February 16, 2022

80 Years After Executive Order 9066: Stories of Loss and Resilience

There is a set of lyrics in the 2015 Broadway musical Allegiance where a character named Kei Kimura describes her experience within a Japanese internment camp during World War II. She sings,

“Years inside here taught me / The world won’t set things right / It's up to us to save ourselves/ I'm ready for the fight
I am stronger than before / Braver than before / This courage I've discovered / I've never needed more”

On February 19, 2022, the United States will mark the 80th anniversary of the issuing of Executive Order 9066 by then President Franklin Delano Roosevelt. This order authorized the U.S. military to relocate more than 120,000 men, women, and children of Japanese ancestry living on the West Coast to 10 different internment camps, often located in isolated and desolate parts of the western United States, and forced Japanese Americans to leave businesses, homes, friends, and community behind.

People crossing the expanse of Manzanar

photo by: Dorothea Lange/WRA/National Archives 538123

View of Manzanar, a Japanese Internment Camp located in Independence, California.

The stories of their experiences include—as Kei represents in the lyrics above—not only the pain of living behind barbed wire merely because of their heritage, but also tests of loyalty, the contradictions of military service, and more. These are stories of trauma, but also stories of resilience, of starting over, and of making sure that those years are never forgotten as a significant piece of American history.

Today you can hear many of these stories in the oral history projects collected by the National Park Service, and archives like the one spearheaded by Densho, some of which are featured in Densho’s podcast Campu. The National Trust for Historic Preservation has also been committed to protecting and elevating these stories by advocating for the protection of many of the historic places related to this history.

To mark the anniversary, we've curated a list of photo essays, articles, and places that reflect the Japanese American experience during World War II and move us toward telling the full American story.

Sites of Incarceration

Women sit in a field of flowers
Japanese American National Museum

Photo Essays of Manzanar

In 2016, the National Trust published a series of photo essays of Manzanar with images by three very different photographers. Jack Iwata—who was incarcerated himself at Manzanar and Tule Lake— documents his own experiences during this period. Dorothea Lange, who photographed the site on the behest of the Wartime Relocation Authority, often deviated from their request to show only the positive side of incarceration. Ansel Adams was invited by Manzanar's director, Ralph Merritt, and took about 200 images, the majority of which were portraits.

Photo description: An image of three women in a field of flowers with the Manzanar's barracks in the background.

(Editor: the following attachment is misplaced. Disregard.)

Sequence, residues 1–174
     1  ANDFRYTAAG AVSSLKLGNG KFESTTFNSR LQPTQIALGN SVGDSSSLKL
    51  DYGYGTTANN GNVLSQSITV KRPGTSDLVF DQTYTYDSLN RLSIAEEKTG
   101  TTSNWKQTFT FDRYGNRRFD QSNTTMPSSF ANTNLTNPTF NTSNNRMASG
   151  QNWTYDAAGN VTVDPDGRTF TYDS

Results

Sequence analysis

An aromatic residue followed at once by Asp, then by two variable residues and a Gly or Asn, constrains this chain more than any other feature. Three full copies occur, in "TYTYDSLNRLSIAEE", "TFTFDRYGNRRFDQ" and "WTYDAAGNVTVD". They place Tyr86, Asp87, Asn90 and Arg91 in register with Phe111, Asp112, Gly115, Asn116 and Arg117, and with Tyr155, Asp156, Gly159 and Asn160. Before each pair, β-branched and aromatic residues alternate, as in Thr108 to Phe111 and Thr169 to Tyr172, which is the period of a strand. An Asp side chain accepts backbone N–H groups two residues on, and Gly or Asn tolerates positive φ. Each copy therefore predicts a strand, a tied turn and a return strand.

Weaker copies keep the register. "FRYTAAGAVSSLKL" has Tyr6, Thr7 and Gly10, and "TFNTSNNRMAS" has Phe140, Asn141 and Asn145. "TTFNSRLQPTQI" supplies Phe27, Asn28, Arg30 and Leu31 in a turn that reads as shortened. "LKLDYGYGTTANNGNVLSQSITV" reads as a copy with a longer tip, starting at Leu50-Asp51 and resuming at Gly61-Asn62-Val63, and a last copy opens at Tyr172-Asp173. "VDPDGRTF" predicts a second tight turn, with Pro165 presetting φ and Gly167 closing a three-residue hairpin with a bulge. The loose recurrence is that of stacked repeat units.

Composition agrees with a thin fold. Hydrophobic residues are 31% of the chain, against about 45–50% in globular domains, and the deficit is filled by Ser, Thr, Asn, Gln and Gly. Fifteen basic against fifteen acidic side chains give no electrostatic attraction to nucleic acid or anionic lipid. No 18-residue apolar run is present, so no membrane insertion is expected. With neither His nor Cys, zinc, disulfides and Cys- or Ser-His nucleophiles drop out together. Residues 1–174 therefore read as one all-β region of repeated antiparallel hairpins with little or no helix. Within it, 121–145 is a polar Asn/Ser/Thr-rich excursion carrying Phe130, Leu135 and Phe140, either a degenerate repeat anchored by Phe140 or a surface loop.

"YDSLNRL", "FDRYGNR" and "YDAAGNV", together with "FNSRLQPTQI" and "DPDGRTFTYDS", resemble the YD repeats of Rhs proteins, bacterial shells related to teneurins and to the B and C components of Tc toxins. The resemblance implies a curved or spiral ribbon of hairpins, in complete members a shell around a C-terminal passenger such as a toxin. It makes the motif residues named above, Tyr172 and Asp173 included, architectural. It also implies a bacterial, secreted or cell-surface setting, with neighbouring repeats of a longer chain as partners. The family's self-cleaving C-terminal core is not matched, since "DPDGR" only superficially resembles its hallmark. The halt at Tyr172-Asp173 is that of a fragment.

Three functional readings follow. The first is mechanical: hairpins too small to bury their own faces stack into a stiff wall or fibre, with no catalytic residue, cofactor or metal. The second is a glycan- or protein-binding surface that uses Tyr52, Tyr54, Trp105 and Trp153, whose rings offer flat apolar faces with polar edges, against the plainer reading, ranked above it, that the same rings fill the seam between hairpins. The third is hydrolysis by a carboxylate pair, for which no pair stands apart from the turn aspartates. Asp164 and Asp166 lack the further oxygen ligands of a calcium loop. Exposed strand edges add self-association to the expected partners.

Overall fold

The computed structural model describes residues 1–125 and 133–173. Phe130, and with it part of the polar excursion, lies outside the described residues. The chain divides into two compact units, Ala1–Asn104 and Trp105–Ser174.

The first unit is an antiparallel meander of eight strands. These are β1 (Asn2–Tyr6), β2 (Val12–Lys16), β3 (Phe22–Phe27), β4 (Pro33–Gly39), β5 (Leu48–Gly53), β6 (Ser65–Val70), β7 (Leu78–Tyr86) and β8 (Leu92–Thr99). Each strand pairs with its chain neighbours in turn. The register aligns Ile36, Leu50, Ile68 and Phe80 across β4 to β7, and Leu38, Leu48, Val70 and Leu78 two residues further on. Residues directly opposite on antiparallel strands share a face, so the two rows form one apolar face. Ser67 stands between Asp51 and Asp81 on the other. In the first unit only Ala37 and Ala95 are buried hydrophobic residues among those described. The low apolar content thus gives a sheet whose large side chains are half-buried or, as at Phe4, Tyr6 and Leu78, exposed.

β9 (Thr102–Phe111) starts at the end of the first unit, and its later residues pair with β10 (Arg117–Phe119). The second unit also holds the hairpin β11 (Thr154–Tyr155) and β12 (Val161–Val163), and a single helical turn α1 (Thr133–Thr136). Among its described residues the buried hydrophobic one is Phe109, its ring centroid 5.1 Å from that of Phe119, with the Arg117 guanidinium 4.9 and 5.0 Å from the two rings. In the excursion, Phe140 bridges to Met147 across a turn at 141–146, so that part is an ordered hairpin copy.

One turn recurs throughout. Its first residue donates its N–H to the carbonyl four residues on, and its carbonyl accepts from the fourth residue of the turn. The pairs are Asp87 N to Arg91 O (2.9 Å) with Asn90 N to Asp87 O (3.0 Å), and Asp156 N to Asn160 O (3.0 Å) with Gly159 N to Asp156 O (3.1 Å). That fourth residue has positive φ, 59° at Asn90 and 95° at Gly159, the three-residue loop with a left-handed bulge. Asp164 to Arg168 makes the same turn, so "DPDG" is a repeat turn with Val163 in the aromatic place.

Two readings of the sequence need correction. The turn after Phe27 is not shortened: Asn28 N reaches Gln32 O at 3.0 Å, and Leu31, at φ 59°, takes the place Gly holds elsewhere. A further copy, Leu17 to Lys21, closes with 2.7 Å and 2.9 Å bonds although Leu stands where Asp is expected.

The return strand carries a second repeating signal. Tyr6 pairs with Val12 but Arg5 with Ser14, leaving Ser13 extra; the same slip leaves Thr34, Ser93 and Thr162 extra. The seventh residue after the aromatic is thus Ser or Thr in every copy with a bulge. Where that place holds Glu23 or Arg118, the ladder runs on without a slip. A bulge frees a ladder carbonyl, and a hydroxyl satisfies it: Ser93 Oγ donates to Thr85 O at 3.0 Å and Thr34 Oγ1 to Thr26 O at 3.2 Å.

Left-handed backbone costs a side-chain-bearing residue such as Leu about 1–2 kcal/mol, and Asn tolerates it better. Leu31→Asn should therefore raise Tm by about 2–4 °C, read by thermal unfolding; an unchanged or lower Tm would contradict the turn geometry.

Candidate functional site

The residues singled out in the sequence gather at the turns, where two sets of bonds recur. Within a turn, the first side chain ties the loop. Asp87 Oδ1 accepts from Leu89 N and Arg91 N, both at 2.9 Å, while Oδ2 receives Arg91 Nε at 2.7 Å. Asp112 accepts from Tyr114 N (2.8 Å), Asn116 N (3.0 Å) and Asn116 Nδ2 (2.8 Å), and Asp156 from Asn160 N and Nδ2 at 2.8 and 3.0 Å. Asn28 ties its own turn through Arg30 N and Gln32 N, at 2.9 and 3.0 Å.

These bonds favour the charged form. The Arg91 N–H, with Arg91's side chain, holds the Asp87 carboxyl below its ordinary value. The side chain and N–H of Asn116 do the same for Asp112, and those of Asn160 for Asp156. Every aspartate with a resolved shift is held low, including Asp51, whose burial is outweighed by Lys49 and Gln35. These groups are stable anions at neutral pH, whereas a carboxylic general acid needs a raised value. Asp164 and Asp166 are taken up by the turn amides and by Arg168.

Honouliuli Internment Camp
Photograph by R. H. Lodge. Courtesy of Japanese Cultural Center of Hawai'i / AR 19 Collection

How A Lost Internment Camp Became A National Monument

Almost lost forever to the jungle, Honouliuli is a "powerful reminder of the need to protect civil liberties in times of conflict." A World War II Internment camp site located not far from Pearl Harbor, Honouliuli was rediscovered in 2002. After archeological field work and documentation, it was designated a National Monument in 2015.

Photo description: A view of the Honouliuli Internment Camp barracks area in 1945 or 1946.


Panama Hotel

Panama Hotel, Seattle, Washington

The Panama Hotel, an early 20th-century five story brick structure, is an outstanding example of the single-room occupancy hotels that characterize Seattle’s pre-World War II Nihonmachi (Japantown). In the basement is a large storage area containing the belongings of Japanese Americans incarcerated in World War II.

Historic Wintersburg

Congregation at 1910 Mission, c. 1920s.

Historic Wintersburg documents three generations of Japanese American experience, from immigration in the late 19th century to the return from incarceration following World War II. The 4.5-acre historic landscape contains six structures, including one of the oldest Japanese missions in Southern California.

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Donate to the National Trust for Historic Preservation today and you'll help preserve places that tell our stories, reflect our culture, and shape our shared American experience.

While her day job is the associate director of content at the National Trust for Historic Preservation, Priya spends other waking moments musing, writing, and learning about how the public engages and embraces history.

We believe all Americans deserve to see their history in the places that surround us. As a nation, we have work to do to fill in the gaps of our cultural heritage.

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